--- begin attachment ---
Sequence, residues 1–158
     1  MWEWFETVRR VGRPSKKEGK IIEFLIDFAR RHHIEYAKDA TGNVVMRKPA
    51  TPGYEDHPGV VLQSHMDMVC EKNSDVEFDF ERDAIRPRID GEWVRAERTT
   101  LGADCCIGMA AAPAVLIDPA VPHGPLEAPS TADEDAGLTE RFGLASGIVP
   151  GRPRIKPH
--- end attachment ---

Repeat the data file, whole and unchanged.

Sequence, residues 1–158
     1  MWEWFETVRR VGRPSKKEGK IIEFLIDFAR RHHIEYAKDA TGNVVMRKPA
    51  TPGYEDHPGV VLQSHMDMVC EKNSDVEFDF ERDAIRPRID GEWVRAERTT
   101  LGADCCIGMA AAPAVLIDPA VPHGPLEAPS TADEDAGLTE RFGLASGIVP
   151  GRPRIKPH